The Lord Darlington approach to designing webinar presentations

Have you ever loved something that seems out of reach?

In Oscar Wilde’s comedy Lady Windermere’s Fan, Lord Darlington is in love with Lady Windermere.  When she does not return his love, he leaves town.

Which is what a lot of people do with great webinar presentations…walk away from excellence when they could otherwise have what they want by building a business case for some help.

You see, I’m not a real designer (you know, one of those people who just ooze with talent).  It’s part of why I have to work at it so hard, and all I have to do to remind myself of what I’ve accomplished is to look back a year at my own presentations.

You can do it. You CAN do it.

One of the most frequently asked questions I get is “where do you get your visuals?”  When I explain, though, that I actually spend some money to get them, quite often the sigh on the other end of the line might as well scream, “oh, it’s actually going to cost me something.”

Which leads me to Lord Darlington’s quote… “What is a cynic? A man who knows the price of everything and the value of nothing.”

Remember that a visual doesn’t have to be a photo.  I predominantly use istockphoto because of advanced search features, the ability to save “lightboxes” (collections such as “people” or “hands” or “collaboration”).  Yes, it’s not the cheapest service around, but it saves a huge amount of time when I spend day after day in front of PowerPoint.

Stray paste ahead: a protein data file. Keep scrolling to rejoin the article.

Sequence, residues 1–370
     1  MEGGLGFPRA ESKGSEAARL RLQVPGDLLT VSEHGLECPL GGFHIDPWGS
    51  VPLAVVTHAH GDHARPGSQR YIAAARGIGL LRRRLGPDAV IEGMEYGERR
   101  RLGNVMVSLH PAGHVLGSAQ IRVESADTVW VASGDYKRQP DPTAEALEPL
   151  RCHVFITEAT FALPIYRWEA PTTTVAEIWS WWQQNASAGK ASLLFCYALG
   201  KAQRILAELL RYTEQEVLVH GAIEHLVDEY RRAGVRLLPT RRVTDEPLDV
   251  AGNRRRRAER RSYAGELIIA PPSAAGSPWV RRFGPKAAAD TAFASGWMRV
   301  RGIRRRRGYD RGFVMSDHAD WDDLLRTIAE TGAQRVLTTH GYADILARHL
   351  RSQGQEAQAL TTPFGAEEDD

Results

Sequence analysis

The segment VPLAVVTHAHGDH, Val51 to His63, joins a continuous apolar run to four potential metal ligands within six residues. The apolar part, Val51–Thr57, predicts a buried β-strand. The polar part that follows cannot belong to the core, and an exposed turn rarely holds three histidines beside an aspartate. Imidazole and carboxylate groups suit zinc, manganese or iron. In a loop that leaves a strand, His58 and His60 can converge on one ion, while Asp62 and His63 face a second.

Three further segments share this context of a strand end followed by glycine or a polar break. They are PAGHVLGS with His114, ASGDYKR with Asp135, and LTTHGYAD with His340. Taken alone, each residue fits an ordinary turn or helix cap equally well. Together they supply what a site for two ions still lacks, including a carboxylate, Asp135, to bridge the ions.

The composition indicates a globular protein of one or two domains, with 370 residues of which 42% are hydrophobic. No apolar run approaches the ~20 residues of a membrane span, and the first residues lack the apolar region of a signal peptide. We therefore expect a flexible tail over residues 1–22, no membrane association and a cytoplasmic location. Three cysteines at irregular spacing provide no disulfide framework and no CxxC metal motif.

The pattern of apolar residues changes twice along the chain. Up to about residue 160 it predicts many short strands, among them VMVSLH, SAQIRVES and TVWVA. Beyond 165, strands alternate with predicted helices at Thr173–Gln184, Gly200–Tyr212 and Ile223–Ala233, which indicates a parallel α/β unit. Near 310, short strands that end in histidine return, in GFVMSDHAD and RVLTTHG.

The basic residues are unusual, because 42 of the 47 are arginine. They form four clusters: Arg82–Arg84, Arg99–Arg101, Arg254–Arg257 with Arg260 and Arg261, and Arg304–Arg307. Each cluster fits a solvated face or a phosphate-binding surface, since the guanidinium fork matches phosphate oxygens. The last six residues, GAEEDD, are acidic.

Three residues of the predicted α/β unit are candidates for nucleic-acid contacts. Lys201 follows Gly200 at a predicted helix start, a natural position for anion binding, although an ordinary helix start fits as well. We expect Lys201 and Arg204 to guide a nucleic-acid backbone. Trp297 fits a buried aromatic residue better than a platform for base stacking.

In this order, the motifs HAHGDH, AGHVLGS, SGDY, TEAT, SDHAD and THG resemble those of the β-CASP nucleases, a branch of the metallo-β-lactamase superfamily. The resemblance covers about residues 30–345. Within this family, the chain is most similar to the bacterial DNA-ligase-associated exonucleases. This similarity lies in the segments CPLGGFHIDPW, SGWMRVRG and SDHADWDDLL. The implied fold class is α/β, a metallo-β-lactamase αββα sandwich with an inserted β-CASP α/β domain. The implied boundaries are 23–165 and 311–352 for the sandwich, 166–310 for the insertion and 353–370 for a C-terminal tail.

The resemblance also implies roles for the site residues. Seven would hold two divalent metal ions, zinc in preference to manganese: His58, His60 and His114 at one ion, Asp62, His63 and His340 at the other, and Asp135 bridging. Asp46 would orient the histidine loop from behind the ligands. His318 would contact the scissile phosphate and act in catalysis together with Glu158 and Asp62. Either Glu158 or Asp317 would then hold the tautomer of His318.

Another service I like for non-photo stuff is PowerFrameworks.  Unlike istockphoto, they don’t have lightboxes and the search is limited, but when you need a wireframe for a 4-part process (or 3-part or 5-part or…), it saves a pile of time creating and editing shapes, especially when you want to demonstrate something more complex like relationship or process.

There’s no magic button for great webinar presentations, but if your time is valuable (of course it is!), you should be able to make a business case by figuring to the value of that time relative to the cost of speeding things up.  Good luck!

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